Alternative Energy: A Miracle for Billions in Developing Nations

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African solar panels

Most of us refer to alternative energies as those that are different from electricity. However, across the developing world, alternative energies to electricity are the only choice.

Unfortunately, these usually take the forms of wood, dung, candles and kerosene, used for lighting and for cooking. These alternatives are dangerous and expensive, and governments have failed dismally in their effort to roll out modern energy solutions.

 

Forego Traditional Electricity and Head Straight for Clean Energy

Just as many developing nations skipped the land line telephone altogether and embraced the cell phone, so could they embrace clean-tech alternative energy solutions, especially since these are now so much more competitive. We may soon see billions of people transition from traditional fuels like coal and oil to sustainable energy sources like solar, which will benefit the global environment tremendously.

The Energy Problems of Poor Nations

1.4 billion people around the world still lack access to electricity, suggests the International Energy Agency. These people live in extremely poor countries and often in rural areas. For example, only one in seven rural populations of Sub-Saharan Africa have electrical power, and even then, many of these people still depend on wood or dung for cooking, sources which amount to 10% of the global energy supply.

This limited reach of modern energy has caused serious accidents, severe burns and death caused by wood stoves. This results in a pollution that is responsible for 1.5 million deaths a year. Moreover, these fuels are expensive, as well as being dangerous. They are inefficient at turning fuel into usable energy.

Why do so many poor people rely on these ancient technologies? In part because governments focus on offering electricity to an elite few rather than to the many, and government subsidized agencies don’t even have enough to conduct basic operations and maintenance, let alone build the infrastructure to service the larger population.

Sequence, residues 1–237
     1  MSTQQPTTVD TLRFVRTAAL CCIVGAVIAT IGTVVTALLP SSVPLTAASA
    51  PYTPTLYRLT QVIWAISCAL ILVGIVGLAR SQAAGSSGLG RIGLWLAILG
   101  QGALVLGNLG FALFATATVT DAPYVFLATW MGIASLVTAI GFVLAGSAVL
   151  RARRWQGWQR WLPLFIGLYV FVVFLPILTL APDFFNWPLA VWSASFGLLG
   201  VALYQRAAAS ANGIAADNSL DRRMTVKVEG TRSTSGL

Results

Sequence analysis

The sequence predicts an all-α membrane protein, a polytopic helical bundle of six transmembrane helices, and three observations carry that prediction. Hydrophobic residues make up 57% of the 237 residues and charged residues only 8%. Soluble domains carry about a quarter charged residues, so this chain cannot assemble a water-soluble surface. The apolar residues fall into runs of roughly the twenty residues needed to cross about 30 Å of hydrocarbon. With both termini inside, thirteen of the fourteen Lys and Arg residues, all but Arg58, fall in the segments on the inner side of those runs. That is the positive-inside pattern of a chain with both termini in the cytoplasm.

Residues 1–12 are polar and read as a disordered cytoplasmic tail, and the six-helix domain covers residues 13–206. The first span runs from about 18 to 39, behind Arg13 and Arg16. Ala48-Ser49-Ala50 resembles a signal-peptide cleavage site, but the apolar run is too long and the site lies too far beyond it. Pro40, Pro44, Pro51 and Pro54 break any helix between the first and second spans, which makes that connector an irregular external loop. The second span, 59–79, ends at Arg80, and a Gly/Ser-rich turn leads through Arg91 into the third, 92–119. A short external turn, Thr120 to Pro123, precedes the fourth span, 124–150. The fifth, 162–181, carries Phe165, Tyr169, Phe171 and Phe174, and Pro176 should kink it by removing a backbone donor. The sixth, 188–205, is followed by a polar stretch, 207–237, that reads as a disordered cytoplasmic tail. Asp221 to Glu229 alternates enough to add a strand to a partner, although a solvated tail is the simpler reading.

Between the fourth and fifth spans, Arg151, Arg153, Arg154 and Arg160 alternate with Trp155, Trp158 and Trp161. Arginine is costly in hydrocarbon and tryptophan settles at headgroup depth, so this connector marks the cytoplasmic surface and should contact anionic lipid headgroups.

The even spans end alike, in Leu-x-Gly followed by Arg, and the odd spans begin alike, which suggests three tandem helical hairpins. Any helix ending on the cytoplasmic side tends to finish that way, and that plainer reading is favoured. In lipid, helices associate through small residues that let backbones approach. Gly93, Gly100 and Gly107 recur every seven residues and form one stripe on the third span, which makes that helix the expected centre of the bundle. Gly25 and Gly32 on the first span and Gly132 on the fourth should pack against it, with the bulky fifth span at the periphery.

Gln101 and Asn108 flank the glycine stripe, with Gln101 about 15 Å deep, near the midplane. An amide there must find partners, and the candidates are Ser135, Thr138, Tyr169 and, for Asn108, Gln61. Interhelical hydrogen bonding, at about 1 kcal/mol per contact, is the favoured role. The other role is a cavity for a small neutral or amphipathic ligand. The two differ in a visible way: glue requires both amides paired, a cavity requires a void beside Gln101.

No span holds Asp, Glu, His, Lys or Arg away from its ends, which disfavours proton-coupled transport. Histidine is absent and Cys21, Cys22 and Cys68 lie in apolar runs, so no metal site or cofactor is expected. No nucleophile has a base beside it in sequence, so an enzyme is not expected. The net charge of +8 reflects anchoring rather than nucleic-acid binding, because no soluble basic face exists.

From an environmental perspective, it is probably a good thing that poor people use less fossil fuel energy, as that would mean a lot more carbon dioxide and green house gasses in the atmosphere. Still, these rural areas could advance much faster if they could connect to some type of electricity.

However, for all the misery suffered by generations who have gone without electricity, the world has had one advantage, the lack of a dirty power plants that belch out carbon monoxide. And there is good news on the horizon, as many of the poorest nations are at last becoming richer, and they are demanding energy, and this is coming in the form of cleaner energy.

 

Sustainable Energy an Affordable Option

Methods to get off-grid energy and environmentally sustainable sources are coming to these energy deficient countries. For example, solar lanterns that use solar cells to charge a battery and LED light are now available at less than $20. And whole solar panels cost 40% of what they did even two years ago.

While the cost of a panel might be about $300, or the cost of a year’s supply of kerosene, the panel can power a number of brighter LED lights. This makes alternative energy an attractive option, maybe even more so in developing countries than in richer countries. In fact, David Wheeler at the Center for Global Development suggests that India has plans in the works to produce at least 15% of it’s energy from renewable sources by 2020.

The IPPC also suggests that renewable energy could be delivering about 80% of the world’s power by 2050.

 

Final Thoughts

If we do reach this lofty goal, the world will have found victory in two ways. First, by giving poverty ridden countries energy, and improving health and replacing inefficient sources of energy; and secondly, by reducing excess greenhouse gas.